Book of Feasts
Authors: David Larkins & James Knevitt
Publisher: Nocturnal Media
Page Count: 46 + Cards
Available Formats: PDF and print
PDF Only – $12.99
Print/PDF Bundle – $24.99
As a long time fan of King Arthur Pendragon RPG, I love anything that enhances the game and the experience of the players. I have first introduced to the original print-and-play version of the cards about a year ago. At that time, the amount of depth it brought to feasts, something that was generally handwaved for convenience reasons, was awesome. The newest iteration of the cards and the accompanying book continue what was started in the first version.
Book of Feasts allows game masters to no longer hand wave feasts but instead allows them to be a vibrant and integral part of the narrative. The product comes in two parts, first, the PDF of the Book of Feasts provides all the mechanical information that is needed to effectively use the cards. Second, the card deck is where all the magic happens. The magic is all the fun and interesting developments that happen during feasts. Furthermore, these developments can lead to amazing roleplaying moments.
I own both the digital and physical components. The Book of Feasts appearance and overall layout is identical to the other books in the “Book of” series. The interior art, like the other books, is stylized woodcut imagery that is typical of later historical periods but thematically works for Pendragon. The layout and editing of the book are top notch. I did not note any grammatical issues within the book. Nocturnal Media has continued the use of the red text margin notes to highlight main points within the text itself. I find these helpful, but it does make printing your own copy problematic as it is the only non-black and white content save for the covers. The cards themselves are bold, bright, and easy to read. The symbology on each card, once learned it rather intuitive. The total package, if you purchased physical components too, is a well-done package. The physical cards are standard DTRPG quality and appear to be able to stand up to long-term use.
Allows for new exciting roleplaying prompts
Adds depth and richness to an overlooked aspect of the game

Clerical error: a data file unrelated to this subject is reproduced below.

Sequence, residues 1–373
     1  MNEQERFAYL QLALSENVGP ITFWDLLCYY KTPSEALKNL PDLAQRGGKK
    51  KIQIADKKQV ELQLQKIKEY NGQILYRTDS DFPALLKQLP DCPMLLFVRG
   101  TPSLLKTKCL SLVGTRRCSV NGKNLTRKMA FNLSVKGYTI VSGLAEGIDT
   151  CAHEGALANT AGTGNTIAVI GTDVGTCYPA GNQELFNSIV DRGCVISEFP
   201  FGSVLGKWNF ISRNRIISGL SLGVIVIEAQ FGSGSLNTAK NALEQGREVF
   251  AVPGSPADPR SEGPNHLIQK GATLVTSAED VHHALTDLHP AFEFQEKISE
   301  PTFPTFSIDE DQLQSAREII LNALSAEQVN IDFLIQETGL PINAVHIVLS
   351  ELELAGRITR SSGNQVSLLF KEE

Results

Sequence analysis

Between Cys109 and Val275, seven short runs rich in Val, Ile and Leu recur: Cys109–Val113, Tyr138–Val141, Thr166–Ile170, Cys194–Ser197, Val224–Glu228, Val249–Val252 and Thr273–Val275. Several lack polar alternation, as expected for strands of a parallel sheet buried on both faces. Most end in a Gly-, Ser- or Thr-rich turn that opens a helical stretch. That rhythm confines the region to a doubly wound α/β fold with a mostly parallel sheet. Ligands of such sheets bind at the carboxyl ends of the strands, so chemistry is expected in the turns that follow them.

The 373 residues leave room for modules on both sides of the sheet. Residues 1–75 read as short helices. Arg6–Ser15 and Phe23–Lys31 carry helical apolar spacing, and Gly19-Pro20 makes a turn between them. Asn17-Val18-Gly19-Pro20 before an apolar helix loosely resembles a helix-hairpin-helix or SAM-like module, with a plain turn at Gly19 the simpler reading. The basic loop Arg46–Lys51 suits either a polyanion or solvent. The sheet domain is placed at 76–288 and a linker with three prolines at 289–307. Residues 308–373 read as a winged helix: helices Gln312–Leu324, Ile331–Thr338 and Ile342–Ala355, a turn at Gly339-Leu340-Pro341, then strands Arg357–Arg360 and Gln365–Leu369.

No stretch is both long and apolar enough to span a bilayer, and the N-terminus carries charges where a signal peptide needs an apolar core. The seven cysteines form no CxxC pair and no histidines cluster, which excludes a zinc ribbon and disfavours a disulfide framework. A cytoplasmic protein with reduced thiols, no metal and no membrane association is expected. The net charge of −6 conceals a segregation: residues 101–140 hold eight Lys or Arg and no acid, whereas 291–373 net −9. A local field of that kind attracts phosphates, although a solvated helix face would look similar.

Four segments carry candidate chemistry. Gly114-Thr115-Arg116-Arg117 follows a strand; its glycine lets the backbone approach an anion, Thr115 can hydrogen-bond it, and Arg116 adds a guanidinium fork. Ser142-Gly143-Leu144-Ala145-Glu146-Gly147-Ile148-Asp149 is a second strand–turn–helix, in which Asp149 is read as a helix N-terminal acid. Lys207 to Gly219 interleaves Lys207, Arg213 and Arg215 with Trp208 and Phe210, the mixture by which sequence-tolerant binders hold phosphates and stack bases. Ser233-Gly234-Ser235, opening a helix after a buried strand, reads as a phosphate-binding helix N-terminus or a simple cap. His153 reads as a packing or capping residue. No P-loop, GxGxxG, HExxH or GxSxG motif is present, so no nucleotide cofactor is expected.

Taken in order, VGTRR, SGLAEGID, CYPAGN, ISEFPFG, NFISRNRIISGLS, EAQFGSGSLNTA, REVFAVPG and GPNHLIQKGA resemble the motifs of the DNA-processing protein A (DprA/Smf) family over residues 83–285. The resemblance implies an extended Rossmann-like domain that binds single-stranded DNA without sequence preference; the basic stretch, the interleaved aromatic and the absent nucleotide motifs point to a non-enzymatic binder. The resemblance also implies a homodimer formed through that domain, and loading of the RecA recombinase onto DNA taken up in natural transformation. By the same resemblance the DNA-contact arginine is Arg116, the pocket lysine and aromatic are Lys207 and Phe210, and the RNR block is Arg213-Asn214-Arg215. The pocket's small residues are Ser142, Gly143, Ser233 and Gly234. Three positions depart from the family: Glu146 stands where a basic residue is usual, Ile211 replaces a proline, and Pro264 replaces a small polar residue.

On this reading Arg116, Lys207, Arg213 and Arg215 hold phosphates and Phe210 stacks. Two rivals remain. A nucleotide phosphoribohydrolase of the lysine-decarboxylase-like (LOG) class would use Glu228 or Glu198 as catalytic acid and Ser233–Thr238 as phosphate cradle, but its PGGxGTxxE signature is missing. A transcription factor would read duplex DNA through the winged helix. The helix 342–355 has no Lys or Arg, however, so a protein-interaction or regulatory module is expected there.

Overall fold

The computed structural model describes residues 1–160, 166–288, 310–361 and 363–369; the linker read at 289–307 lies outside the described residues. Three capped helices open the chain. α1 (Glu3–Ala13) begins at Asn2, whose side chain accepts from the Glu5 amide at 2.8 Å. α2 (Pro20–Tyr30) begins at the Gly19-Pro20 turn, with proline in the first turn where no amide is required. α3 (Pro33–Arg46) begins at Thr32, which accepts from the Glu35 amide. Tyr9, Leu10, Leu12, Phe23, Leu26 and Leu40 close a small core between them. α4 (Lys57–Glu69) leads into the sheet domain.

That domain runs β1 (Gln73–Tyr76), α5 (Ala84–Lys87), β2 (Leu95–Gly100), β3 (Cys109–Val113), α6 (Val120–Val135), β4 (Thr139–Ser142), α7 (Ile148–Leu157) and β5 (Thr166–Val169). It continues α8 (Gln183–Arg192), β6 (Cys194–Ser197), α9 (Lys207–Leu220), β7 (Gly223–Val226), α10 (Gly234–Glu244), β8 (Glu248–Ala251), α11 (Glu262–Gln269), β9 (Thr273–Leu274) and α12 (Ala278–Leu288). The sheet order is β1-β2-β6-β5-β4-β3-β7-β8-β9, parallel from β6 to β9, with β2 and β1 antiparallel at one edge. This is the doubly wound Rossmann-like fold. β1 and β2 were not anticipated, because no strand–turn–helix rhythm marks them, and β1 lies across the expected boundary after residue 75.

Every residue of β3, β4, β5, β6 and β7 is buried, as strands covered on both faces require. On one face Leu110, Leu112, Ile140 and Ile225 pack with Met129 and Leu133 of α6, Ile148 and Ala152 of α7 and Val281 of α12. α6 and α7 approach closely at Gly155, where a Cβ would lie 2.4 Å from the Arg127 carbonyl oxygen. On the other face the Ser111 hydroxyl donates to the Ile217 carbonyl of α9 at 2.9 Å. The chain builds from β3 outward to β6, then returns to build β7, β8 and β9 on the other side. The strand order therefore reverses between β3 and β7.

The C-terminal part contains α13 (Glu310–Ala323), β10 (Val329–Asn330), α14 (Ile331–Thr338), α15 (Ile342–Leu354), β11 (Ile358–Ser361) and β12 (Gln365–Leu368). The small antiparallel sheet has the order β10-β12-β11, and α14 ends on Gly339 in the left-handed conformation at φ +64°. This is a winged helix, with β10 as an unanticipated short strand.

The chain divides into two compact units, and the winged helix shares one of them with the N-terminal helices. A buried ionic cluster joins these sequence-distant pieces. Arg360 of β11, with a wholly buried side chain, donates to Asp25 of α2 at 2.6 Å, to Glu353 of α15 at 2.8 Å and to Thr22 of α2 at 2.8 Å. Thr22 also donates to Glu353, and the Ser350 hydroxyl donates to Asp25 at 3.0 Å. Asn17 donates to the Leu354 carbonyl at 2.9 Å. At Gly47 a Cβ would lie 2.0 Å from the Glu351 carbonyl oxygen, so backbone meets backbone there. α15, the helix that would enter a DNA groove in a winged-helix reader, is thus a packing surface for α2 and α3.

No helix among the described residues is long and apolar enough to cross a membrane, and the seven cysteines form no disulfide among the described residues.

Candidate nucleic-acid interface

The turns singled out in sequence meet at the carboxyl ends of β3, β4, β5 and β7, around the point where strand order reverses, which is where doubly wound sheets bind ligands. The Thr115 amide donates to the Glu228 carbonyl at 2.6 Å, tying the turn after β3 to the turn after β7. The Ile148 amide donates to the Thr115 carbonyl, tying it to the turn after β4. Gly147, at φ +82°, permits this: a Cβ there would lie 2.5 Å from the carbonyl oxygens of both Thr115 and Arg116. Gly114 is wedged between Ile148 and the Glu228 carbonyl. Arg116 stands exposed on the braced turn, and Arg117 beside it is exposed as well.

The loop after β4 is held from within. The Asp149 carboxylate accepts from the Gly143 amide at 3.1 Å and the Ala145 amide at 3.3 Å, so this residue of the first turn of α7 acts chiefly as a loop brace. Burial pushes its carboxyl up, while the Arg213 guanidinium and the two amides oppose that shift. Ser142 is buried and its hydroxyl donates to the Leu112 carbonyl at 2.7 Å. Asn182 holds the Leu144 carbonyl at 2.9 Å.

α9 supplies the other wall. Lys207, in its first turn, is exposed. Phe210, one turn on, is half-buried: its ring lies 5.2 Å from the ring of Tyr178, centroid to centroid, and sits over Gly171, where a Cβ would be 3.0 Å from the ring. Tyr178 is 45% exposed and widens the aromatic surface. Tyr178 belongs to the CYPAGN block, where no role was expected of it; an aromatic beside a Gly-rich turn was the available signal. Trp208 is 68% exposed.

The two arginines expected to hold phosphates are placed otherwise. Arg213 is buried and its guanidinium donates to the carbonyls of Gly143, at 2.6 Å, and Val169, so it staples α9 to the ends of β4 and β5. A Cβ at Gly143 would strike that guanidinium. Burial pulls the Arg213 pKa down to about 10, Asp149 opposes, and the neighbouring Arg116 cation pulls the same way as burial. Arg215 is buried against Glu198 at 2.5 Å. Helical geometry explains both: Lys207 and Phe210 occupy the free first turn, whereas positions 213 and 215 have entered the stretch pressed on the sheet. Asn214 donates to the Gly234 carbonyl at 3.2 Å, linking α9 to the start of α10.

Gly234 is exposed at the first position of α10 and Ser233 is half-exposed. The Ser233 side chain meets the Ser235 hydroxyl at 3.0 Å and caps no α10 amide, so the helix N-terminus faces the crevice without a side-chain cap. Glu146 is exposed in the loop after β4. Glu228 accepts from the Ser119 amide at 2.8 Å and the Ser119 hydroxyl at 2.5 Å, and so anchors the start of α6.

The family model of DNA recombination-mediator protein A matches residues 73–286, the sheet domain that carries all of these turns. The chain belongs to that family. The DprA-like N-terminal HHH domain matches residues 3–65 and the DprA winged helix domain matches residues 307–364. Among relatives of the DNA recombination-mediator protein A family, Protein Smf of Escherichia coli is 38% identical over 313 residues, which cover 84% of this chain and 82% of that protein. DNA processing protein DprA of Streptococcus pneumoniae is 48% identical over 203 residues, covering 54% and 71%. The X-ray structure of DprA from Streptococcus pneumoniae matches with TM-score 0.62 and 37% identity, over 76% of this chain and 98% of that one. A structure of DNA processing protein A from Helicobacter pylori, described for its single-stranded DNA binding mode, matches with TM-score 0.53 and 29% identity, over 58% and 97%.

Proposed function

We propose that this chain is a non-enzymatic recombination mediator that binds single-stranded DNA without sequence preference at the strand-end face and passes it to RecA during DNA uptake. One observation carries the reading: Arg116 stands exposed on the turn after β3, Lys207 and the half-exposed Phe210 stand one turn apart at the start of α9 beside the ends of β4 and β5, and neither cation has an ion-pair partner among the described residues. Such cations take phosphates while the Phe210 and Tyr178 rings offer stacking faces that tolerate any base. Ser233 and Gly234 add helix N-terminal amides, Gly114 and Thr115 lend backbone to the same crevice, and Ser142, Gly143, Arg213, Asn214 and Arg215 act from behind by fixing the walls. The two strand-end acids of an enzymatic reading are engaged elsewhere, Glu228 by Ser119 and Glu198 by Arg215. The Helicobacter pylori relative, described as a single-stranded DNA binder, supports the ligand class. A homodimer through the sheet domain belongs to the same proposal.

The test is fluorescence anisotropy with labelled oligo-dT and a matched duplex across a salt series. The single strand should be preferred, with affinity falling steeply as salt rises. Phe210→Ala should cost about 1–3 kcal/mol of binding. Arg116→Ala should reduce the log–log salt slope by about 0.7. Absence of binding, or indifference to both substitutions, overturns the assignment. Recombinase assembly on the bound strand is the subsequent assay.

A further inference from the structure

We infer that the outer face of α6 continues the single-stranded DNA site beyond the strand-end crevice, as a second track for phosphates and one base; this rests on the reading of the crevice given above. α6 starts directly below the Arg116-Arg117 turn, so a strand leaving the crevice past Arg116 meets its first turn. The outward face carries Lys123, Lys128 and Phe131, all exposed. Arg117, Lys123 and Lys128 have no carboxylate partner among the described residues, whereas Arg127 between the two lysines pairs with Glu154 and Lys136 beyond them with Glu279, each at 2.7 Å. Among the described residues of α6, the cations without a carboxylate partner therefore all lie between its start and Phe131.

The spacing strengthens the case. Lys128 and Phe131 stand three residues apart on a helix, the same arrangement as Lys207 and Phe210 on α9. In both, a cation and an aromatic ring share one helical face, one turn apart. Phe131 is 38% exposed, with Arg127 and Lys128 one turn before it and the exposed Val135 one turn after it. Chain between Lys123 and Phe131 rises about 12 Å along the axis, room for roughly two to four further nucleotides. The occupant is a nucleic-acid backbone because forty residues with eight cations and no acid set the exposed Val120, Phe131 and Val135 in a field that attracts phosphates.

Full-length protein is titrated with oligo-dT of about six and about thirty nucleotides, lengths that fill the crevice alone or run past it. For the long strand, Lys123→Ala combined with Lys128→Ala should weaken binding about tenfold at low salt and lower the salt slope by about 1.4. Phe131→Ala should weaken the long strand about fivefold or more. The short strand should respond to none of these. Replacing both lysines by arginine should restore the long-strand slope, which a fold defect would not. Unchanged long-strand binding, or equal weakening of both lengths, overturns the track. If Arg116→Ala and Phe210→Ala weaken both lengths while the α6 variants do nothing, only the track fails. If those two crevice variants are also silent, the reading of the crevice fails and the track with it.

Includes JPG/PNG images for creating a card deck in Roll20 or Fantasy Grounds
Well written rules that make it easier to integrate this supplement into any game
The physicals cards are solid and durable
Card symbology is easy to interpret
Includes one feast scenario
Historical and contextual content
No physical book (for those that like physical books)
154 cards – if sleeved it could be a problem at the table
When this product first the market several months ago I was ecstatic because I really liked what the original print-and-play version added to the game. After a thorough read through, I’m even happier with what this will add to my King Arthur Pendragon games! While the book is short, it is packed with historical details in addition to the rules needed to use this supplement. For those that like to cook, there are a few recipes included in the book for you to make the tabletop experience even that much richer.
I am impressed that consideration was given for those of us that regularly play online through the use of VTTs. The main difference between the images prepared for VTT use and those of Print-and-play PDF of the cards (for those that did not buy the physical card deck) is that the images for prepared for VTTs are singular images. This will greatly reduce the time it takes to prepare and import the images to create an online deck.
Many of the existing King Arthur Pendragon supplements have very specific applications like manor management, mass combat, etc. Book of Feasts does as well but it really gives players a richer role-playing experience by allowing them to explore an element of life so integral to the nobles. This is one supplement that will become a staple in my future King Arthur Pendragon games.
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